New Edinburgh insist the city should be forced to inform them if it plans to re-open a long-unused laneway behind their homes, a position put forward during a community meeting on Dec. 20.
Approximately 30 residents attended a community meeting on Dec. 20 to discuss the issue of a laneway between Vaughn Street and Ivy Crescent being re-opened to cars.
Residents in the block bounded by Ivy Crescent, Bertrand Street, Vaughn and Putnam avenues only discovered there was a plan to re-instate their overgrown city laneway when they encountered surveying crews assessing the boundaries of the lane recently.
After tracking down more information, they found out that the new owner of 169 Ivy Cres. had been issued a building permit that allows them to use the backyard lane for vehicular access to the property.
The news that the city legally has to allow access through the laneway came as a surprise to residents on the block, many of whom have fences and mature trees in the laneway as encroachments to the rear of their backyards.
“It was only by sheer accident that we found out about this,” said Martha Markowsky, who owns a rental building on Vaughn. “It really aggravates me that I’m paying taxes and I don’t have a right to know.”
The issue has highlighted the complexity of the city’s approach to dealing with lanes, particularly since adopting new infill design guidelines earlier this year that encourage builders to use lanes for vehicle access rather than front-yard parking.
Approximately 30 residents gathered in a church hall on Dec. 20 to discuss the issue and hear from city staff.
The new home’s owners, Tobias Lütke and Fiona McKean, were not at the meeting, but they sent a letter for Mennier to read aloud.
In the letter, the couple wrote that they knew their two-storey house likely wouldn’t be well-received by current residents, but they are looking forward to moving in and they will be good neighbours.
“We made a conscious decision to not push the limits of what’s allowed,” the letter stated. “We can’t make everyone happy, but we can promise to be good neighbours.”
Alain Miguelez, program manager for zoning, intensification and neighbourhoods in the city’s planning and growth management department, said the city is in a “rather unique situation” with this issue.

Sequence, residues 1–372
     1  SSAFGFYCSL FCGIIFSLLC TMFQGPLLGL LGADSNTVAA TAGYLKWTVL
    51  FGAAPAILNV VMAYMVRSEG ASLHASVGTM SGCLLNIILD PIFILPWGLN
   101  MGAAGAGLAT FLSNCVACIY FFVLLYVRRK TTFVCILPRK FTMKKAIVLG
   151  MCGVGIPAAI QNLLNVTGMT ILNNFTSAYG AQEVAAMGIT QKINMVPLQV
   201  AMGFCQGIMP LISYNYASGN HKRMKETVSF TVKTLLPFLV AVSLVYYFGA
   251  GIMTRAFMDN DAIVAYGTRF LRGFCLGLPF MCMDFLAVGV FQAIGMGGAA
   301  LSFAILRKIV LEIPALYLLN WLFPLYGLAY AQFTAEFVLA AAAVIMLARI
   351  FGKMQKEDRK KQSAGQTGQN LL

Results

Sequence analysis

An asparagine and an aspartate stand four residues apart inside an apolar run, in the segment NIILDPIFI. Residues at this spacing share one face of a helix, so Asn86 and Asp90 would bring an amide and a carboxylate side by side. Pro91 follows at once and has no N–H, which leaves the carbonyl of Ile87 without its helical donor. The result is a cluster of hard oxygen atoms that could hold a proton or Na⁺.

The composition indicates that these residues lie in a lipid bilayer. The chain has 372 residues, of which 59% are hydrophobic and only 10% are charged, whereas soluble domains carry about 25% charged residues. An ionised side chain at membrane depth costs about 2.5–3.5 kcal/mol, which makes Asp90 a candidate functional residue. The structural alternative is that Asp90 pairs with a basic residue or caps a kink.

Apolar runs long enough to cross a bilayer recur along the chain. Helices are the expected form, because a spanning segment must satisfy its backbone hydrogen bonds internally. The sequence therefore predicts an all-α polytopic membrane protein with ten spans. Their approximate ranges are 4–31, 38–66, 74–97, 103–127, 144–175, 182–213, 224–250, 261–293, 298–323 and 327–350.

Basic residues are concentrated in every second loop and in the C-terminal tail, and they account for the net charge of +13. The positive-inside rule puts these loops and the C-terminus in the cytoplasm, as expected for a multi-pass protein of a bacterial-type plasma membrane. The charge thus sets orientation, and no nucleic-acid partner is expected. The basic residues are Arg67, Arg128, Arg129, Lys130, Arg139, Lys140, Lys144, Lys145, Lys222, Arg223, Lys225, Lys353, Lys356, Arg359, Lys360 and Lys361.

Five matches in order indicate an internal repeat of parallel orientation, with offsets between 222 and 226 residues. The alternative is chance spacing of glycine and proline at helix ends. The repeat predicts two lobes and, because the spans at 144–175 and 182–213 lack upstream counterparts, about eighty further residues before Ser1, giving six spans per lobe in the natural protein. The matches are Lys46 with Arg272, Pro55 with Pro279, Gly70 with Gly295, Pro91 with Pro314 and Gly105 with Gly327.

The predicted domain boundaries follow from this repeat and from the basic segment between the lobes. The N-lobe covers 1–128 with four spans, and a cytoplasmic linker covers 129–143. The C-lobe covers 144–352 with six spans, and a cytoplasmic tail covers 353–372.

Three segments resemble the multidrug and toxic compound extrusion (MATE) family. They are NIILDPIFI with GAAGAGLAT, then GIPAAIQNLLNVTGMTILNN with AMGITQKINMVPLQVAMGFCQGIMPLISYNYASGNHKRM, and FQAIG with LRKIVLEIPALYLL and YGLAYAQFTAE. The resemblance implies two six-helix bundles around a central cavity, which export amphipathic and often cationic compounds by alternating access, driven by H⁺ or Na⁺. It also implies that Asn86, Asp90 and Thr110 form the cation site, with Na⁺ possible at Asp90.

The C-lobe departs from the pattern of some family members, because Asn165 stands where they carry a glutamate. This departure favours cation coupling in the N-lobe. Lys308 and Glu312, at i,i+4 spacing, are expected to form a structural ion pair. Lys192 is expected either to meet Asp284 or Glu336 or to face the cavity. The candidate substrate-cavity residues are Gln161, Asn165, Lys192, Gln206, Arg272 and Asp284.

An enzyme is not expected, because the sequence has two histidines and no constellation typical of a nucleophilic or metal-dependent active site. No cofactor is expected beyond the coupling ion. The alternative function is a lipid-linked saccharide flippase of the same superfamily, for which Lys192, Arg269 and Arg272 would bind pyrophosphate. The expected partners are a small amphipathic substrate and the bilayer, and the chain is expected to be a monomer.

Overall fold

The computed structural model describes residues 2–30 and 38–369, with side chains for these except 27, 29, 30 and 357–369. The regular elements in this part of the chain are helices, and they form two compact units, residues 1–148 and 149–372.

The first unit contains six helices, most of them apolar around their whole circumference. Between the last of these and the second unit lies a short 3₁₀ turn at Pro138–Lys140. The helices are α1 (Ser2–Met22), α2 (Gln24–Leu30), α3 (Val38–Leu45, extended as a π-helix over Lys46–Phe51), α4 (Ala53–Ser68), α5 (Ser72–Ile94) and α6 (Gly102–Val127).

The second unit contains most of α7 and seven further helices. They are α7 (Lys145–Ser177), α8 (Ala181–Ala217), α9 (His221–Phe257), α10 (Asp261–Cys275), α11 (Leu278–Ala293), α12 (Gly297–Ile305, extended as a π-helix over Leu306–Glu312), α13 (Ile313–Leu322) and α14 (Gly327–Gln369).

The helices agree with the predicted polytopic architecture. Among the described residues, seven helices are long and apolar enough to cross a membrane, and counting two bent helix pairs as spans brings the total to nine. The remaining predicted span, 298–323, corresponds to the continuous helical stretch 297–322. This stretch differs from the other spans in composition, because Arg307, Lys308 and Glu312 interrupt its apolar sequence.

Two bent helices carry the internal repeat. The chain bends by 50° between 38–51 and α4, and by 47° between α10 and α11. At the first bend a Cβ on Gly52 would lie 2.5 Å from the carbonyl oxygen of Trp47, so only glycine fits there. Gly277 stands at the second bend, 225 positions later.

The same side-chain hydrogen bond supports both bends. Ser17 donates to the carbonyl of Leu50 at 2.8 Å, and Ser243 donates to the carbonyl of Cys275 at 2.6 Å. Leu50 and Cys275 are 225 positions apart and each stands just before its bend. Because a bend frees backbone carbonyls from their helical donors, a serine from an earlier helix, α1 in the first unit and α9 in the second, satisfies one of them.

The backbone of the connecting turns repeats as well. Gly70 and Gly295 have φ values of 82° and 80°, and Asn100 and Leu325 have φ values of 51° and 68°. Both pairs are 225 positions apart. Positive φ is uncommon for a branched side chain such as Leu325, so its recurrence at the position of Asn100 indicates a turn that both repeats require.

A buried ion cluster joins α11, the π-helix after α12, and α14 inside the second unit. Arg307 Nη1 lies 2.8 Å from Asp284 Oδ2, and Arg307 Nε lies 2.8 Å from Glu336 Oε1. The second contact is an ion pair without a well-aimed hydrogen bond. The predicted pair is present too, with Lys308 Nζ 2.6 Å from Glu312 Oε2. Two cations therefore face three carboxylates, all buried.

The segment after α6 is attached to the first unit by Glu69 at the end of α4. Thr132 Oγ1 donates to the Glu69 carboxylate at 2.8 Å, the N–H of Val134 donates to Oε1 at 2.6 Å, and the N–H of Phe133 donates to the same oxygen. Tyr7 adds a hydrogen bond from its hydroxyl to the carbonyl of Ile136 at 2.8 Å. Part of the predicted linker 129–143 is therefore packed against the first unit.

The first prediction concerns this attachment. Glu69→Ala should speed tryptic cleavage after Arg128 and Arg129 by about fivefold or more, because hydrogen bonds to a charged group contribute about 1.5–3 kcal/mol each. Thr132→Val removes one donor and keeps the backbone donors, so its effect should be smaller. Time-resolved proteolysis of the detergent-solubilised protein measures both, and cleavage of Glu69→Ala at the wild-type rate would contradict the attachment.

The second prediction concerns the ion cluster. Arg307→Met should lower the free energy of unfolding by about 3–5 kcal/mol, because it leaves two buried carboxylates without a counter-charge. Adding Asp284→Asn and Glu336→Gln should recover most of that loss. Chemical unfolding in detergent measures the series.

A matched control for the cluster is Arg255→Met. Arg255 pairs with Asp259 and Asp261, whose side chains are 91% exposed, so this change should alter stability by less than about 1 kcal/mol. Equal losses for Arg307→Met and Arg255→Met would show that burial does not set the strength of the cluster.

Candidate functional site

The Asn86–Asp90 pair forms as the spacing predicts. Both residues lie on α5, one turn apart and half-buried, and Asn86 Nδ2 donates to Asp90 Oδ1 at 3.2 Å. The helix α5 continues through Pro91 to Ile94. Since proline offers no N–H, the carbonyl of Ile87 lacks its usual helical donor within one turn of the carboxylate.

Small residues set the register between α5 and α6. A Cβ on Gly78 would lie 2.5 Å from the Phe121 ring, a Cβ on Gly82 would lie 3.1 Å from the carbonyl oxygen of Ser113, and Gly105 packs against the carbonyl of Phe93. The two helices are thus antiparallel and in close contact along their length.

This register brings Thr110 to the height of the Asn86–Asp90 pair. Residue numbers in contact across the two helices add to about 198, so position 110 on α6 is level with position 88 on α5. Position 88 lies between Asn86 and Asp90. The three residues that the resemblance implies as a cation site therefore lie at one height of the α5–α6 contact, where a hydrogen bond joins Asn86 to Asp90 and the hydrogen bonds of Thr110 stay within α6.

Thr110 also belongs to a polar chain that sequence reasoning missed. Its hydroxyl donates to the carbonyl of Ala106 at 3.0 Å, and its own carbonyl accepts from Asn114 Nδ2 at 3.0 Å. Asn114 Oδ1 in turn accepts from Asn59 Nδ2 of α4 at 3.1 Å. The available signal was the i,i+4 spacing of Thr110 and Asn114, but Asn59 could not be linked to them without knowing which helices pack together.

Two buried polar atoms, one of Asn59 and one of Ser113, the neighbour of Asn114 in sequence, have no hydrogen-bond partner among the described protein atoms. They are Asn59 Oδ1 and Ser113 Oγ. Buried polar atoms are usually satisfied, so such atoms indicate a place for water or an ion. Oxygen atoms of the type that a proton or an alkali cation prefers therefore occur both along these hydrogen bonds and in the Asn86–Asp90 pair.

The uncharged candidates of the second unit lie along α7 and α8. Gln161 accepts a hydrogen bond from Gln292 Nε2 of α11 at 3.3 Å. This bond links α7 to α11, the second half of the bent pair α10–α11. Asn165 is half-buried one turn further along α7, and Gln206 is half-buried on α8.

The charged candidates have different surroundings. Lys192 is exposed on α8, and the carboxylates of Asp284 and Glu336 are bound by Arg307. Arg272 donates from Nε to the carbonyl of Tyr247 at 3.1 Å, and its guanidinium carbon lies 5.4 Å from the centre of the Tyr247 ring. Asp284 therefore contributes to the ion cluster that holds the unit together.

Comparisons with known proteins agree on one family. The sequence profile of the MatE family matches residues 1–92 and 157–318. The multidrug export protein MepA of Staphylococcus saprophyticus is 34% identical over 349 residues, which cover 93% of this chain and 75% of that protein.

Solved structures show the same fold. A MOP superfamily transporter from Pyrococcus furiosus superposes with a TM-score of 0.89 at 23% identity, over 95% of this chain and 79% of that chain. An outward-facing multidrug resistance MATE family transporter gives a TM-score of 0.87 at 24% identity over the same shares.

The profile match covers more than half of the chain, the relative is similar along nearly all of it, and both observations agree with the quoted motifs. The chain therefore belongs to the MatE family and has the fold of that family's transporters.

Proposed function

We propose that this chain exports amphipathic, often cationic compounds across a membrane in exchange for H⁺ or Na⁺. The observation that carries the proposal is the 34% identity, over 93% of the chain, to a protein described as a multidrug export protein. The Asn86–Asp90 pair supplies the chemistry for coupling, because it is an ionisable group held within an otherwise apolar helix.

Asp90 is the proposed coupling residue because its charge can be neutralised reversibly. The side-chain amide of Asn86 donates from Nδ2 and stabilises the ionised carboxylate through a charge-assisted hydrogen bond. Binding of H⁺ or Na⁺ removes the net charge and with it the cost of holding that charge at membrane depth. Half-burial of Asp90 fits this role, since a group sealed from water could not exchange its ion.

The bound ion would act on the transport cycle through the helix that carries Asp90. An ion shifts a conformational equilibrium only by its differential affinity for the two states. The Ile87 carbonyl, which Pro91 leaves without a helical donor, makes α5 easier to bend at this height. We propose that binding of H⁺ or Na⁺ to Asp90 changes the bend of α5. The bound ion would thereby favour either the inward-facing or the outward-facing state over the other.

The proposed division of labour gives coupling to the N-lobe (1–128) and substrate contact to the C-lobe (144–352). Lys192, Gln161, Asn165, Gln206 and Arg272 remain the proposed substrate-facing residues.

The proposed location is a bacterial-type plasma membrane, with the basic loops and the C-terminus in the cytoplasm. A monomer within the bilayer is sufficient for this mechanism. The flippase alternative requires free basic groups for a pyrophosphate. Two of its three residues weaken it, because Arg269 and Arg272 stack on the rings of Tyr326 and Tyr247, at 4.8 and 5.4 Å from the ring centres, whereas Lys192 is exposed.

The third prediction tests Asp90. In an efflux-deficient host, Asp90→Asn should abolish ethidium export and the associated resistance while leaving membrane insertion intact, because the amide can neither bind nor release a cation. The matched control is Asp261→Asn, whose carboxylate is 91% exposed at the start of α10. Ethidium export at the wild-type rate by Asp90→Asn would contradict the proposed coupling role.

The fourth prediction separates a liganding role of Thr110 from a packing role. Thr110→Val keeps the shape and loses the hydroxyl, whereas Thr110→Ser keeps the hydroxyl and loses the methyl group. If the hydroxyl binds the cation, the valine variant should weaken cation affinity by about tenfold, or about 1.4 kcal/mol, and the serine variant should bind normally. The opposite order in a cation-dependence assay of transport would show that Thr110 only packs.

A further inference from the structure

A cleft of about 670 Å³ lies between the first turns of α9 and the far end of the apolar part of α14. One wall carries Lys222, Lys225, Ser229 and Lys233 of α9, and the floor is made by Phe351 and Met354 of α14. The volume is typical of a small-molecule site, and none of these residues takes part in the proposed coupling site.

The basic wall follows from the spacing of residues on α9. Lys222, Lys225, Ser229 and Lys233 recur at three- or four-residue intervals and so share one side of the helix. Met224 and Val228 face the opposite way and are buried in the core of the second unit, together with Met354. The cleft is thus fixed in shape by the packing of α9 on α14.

Miguelez has been working on a broader laneway policy for the city, but it’s not quite ready so he couldn’t comment on what the policy will include, but he said there is a need to create a framework for how the city deals with these situations.
“Really, what we’re looking at are the owners of this new home making a private driveway,” said Lori Brethour, who lives in a building on the corner of Bertrand Street and would be affected by the laneway.
Ivy Crescent Adrian Di Giovanni said re-opening the laneway would likely create a “conduit” for petty thefts and robberies.
Miguelez said there is no hard data to show a correlation between backyard lanes and crime. An alternate opinion is that activity in the lane helps deter crime more than isolated, protected backyards.
The Dec. 20 meeting was organized by Vaughn Avenue resident Dave Mennier, who also conducted a questionnaire by polling block residents.
Seventy-five per cent of people who responded to his survey said they also knew there was technically a lane in their backyards. No one was informed it could be re-opened at any time.
Ninety per cent said they were opposed to re-opening the lane. But only 37.5 per cent of people said they would be interested in considering purchasing the sliver of laneway that connects to their property if the city were to close the lane. More than half the residents did not respond to that question.
All residents on the block completed the questionnaire except the new owners of 169 Ivy Cres. and their next-door neighbour on the corner of Bertrand.
Mennier said residents have generally agreed to fight the laneway re-opening and they’ve been looking at a few different options.
Step one will be gathering signatures of property owners on the block to apply for a laneway closure.
But during the meeting, Miguelez said that won’t be possible.
“We can’t withdraw a building permit that was issued based on existing conditions,” Miguelez said.
Another possible avenue is the environmental impact, Mennier said. A resident in the area said he believes there is a protected species of woodpecker living in one of the trees that would have to be cut down to re-open the lane, so pushing for some kind of environmental impact study is another option.
A last resort would be looking into the legal options of enforcing “squatter’s rights” based on the city’s neglect of the laneway for so long, Mennier said.
Besides fighting the re-opening, Mennier expects the residents will also write a joint letter to politicians and bureaucrats at city hall requesting changes to the public notification and consultation process in similar situations regarding untraveled laneways.
“We understand it’s a building-permit issue, but to us, it’s not,” said resident Mary Grainger. “It’s changing the fabric of the neighbourhood.”
“The spirit of the responsibility of the city hasn’t been fulfilled in a larger sense here,” Mennier said.